This composition looks at the decisions of the famous Steelworkers Trilogy cases relating to arbitration in cases of labor management disputes. They include United States Steel Workers v. American Manufacturing Co., United States Steel Workers v. Enterprise Wheel and Car Corp. and United States Steel Workers v. Warrior and Gulf Navigation Co, all of which were decided in 1960. These three landmark cases established themselves as the defining authorities for dispute resolutions arising out of grievances between the employee and the employer.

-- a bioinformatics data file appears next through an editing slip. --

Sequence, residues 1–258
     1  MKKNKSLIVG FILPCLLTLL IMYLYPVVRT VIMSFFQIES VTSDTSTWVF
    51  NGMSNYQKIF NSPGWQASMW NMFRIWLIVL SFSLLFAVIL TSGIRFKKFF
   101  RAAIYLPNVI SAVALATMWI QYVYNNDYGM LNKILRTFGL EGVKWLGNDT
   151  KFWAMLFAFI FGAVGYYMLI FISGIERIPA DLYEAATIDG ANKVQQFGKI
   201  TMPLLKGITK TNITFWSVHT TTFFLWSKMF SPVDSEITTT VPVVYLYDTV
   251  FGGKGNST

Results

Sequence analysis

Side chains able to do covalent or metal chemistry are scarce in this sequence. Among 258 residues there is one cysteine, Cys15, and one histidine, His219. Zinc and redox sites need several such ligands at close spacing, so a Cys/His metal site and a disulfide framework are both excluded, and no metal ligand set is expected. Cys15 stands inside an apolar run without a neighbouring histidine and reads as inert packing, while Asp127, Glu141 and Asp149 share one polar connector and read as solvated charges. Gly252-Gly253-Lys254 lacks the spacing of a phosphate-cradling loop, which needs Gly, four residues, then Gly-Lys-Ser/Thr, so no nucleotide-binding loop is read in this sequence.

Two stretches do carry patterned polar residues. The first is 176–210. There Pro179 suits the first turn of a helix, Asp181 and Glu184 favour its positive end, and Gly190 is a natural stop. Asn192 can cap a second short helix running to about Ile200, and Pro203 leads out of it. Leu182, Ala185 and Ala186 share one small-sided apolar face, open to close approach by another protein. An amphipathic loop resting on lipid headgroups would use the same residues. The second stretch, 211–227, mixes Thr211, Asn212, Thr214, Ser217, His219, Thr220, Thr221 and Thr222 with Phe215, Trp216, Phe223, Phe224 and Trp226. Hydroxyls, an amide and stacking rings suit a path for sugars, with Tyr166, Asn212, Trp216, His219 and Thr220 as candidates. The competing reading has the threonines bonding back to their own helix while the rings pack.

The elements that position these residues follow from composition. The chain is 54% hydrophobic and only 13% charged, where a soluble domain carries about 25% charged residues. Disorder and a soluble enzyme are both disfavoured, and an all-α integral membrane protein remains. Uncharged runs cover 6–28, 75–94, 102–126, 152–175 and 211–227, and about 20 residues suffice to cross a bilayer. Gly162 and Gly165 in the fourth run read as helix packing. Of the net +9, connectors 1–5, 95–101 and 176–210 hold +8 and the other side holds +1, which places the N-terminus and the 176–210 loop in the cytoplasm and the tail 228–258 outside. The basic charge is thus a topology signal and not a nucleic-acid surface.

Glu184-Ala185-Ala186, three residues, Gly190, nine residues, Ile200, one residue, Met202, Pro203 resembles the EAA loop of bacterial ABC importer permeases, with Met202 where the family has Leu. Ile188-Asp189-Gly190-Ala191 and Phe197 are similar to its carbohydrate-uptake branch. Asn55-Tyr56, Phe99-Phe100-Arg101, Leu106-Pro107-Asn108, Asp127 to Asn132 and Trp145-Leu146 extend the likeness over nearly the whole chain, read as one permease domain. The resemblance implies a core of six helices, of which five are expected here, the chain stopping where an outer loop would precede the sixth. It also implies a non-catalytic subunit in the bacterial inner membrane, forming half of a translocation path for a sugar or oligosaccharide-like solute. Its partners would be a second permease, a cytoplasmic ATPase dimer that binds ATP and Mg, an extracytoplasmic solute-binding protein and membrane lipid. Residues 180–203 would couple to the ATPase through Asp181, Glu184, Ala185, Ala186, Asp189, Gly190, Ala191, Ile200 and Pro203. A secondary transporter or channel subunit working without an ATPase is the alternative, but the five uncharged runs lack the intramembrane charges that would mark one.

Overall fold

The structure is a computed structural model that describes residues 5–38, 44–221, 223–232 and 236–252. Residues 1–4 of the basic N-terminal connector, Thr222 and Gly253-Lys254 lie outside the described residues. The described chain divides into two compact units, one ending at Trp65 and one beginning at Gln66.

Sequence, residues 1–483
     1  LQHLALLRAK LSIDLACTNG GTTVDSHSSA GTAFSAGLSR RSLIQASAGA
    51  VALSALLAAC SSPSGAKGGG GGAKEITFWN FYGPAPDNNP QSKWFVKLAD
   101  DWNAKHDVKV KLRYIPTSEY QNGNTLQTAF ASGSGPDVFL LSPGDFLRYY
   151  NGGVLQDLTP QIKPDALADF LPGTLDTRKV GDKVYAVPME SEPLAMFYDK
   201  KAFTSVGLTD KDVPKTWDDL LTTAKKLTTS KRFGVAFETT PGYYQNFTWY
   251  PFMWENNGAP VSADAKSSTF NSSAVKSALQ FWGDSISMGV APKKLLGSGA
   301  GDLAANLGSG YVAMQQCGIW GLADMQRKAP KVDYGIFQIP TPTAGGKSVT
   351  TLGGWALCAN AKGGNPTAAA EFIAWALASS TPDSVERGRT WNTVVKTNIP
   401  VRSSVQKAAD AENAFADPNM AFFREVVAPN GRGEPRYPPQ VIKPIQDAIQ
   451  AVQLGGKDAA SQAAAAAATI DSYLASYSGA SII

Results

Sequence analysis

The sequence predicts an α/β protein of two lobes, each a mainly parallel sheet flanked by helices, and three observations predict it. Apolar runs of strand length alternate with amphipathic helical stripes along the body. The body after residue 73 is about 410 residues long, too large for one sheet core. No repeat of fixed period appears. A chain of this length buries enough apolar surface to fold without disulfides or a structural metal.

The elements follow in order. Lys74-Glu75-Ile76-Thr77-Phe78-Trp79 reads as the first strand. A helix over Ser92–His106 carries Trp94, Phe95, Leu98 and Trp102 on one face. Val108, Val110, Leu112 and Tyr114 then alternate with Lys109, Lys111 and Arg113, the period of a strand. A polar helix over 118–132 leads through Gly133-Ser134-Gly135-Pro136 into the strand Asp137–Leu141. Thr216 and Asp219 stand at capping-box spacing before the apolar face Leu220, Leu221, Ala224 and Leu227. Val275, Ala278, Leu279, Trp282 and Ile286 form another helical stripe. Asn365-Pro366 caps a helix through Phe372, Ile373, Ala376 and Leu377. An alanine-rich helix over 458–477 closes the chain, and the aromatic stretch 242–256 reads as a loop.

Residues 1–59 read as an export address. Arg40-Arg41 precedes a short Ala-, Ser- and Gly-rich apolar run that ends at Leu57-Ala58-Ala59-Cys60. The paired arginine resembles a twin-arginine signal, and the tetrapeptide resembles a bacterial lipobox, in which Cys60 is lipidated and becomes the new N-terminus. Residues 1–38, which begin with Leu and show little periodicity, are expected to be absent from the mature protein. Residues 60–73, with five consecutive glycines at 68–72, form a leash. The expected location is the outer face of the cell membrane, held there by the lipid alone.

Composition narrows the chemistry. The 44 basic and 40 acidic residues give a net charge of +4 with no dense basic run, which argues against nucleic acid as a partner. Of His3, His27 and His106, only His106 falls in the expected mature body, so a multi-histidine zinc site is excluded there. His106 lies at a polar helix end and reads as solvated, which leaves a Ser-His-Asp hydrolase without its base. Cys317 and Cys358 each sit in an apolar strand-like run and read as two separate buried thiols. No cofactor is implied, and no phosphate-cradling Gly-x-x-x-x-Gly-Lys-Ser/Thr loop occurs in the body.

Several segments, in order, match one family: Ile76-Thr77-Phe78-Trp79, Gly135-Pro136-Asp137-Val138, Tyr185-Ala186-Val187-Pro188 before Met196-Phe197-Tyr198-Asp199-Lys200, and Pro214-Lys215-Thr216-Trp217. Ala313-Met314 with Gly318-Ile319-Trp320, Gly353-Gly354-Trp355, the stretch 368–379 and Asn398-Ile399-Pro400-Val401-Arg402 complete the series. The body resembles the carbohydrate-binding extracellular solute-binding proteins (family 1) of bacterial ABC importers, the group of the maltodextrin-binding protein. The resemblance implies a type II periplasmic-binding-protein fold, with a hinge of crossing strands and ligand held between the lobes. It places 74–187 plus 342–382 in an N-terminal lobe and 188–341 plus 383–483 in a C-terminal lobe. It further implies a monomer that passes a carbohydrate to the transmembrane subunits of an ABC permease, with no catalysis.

The Supreme Court laid general precedence as to the use of arbitration for problems that are not solvable in-house between the two in these cases. The purpose of this discussion is to provide an understanding of the three cases and determine why they are considered prime authorities for arbitration in cases of collectively bargained agreements (hereafter referred to as CBA). This column looks upon the judgments as a source for the enforceability of arbitration as a means of resolution between individual labors and their employers so that their grievances may be solved by a mutually appointed third party without the need of a court, a means much preferred by those in business for its versatility, ease of use, efficiency, cost effectiveness and the fact that its enforceable by the courts. However, there may be instances where a dispute arises after the arbitrator has ruled in favor of one party which consequently questions the legitimacy of his award and thus is challenged in the court. The three cases form a precedent in favor of using arbitrators to interpret CBAs and apply them in employment related disputes thereby signaling a go-ahead to future such claims, so long as the award does not exceed the scope of the CBA as arbitrators are only allowed to interpret it without exceeding its authority.
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